1.  "What should I do to localize the job board for India? Should I use or Or neither?"

I think the better was will be to make a link of Indian jobs in your regular job site using the seperate link like

This will guarantee that regular viewers of your blog can find it from your regular blog.

2, "How much should I charge? Right now the site only accepts credit cards... is there another payment method that would work better for India?"

What do you want to charge for?  Is it to employers or employees?  I would suggest that wiring of money into your bank account can work too.

3.  Should I allow US employers willing to sponsor H1B visas? Or just jobs actually in India?

Yes, you should allow the companies willing to sponsor Indians in US too.  It will be a better incentive and you can charge on a percentage basis like a consultant.

4. What other changes should I consider to make a more suitable product for the Indian market?

I don't think you need any other significant changes.
Ricky Send private email
Tuesday, March 27, 2007
Wow, I see the new domain up & running.
This will help lots of smart folks in software to make a better choice for the next company to work at.

Kalpesh Send private email
Tuesday, March 27, 2007
I think that’s a great idea. Especially posting H1b ads will be good thing for developers back in India. I agree that good developers are busy doing fun and interesting stuff but if you kinda a out of fun stuff to do in your current job you do check out job sites and I hope joel job board will help to get ride of all the noise.
Nilanjan Raychaudhuri Send private email
Tuesday, March 27, 2007
It would be interesting to see how this board performs over the next six months.
YouKnowWho Send private email
Wednesday, March 28, 2007
India specific site seems to be a good idea, maybe might be a good option.

The reason you don't see many india specific postings are:
1. Most companies use headhunters to find the right candidates for you, and the headhunters here (in India) tend to be very reluctant to post information on their clients.
2. In most companies, the HR department tends to be responsible for finding employees, and while joelonsoftware is well known amongst the developers, it is not so among the non-developers.
3. USD 350 is a lot more than what you pay (on average) for a job placement on any indian job board. Probbaly USD200 would be a better bet, at least initially.

Credit cards should be fine, USD350 is probably a lot higher than what people are used to paying for an ad placement (it's still lower than what you pay the headhunters).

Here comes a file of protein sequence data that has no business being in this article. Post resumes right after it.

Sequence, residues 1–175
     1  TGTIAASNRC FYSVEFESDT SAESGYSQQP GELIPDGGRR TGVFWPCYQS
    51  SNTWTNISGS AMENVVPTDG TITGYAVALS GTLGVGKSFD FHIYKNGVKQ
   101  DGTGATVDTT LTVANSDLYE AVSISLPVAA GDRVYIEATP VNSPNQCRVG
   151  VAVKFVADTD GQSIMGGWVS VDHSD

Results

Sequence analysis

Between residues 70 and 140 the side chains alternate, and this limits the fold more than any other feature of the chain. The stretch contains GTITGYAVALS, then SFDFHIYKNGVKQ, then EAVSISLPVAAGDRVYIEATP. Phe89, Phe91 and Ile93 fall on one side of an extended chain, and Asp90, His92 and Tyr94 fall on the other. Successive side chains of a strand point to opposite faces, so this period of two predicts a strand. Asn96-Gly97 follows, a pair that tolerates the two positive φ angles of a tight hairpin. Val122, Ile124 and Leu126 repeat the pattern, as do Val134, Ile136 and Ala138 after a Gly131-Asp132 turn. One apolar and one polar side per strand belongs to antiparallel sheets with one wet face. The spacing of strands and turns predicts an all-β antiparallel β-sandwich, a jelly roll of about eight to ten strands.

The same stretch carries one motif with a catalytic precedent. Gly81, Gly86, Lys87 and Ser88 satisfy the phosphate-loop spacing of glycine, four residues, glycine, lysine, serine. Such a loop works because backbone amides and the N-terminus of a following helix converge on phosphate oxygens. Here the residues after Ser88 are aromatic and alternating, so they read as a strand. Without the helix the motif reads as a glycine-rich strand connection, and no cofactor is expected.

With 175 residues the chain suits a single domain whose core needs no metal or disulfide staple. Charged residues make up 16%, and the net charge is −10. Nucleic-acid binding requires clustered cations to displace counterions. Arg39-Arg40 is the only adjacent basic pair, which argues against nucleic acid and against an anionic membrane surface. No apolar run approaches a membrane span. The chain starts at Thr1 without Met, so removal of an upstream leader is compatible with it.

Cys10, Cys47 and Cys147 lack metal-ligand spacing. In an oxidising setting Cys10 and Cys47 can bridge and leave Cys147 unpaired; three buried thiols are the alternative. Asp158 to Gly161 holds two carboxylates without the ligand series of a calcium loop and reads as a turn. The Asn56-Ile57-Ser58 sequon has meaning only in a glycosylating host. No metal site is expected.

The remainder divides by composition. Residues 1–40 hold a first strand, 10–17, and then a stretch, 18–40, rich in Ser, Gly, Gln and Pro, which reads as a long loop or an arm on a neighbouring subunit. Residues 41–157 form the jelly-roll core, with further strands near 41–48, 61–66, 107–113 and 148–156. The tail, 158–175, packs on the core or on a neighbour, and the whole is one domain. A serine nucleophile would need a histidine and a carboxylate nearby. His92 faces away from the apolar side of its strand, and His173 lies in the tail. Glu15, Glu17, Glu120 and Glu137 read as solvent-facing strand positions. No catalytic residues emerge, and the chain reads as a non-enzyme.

I also think that letting the ad run for a month (30) days as against the current 21 days would be a better option.

The baord should target the indian employees (not necessarily the indian employers), this means you can allow companies willing to sponsor H1B

Am loving my job. Not surfing the Joel on Software Job Board :)
Sajith M Send private email
Wednesday, March 28, 2007
Hi Joel,

I have been a long timer reader of your blog. However, this is the first time I am posting a comment :)

And well, this not directly related to your post about job board, but about unicode and localization.

On your question about localizing the job board, many people replied with a blunt answer that English is fine with them.

Here are two of the comments:

"Localization in terms of job positions are fine, but not in terms of language (scary that people think we need an Hindi, Tamil, Telugu board :( We in India are doing fine with English, thanks."

"99.99 % of the Jobs are going to involve an Enlish speaking/reading person."

Well, you see joel, the problem is that most Indians are still grossly unaware about unicode. Prior to windows 2000, there was no way one could use a PC in any Indian language. Unlike languages like Chinese, Japanese, there was no separate code pages for languages like Hindi.

Windows 2000 was the first operating system which had excellent support for Hindi. It was the fist OS by Microsoft, which had proper layout engine for displaying complex languages. ( languages like Hindi are unicode only, they dont have code pages )

However, people still preffered working in english because there was no easy to use key-board layout for writing in Hindi. Altough Inscript keyboard layout is availaible on almost every OS, it was still difficut for most people to memorize all the keys.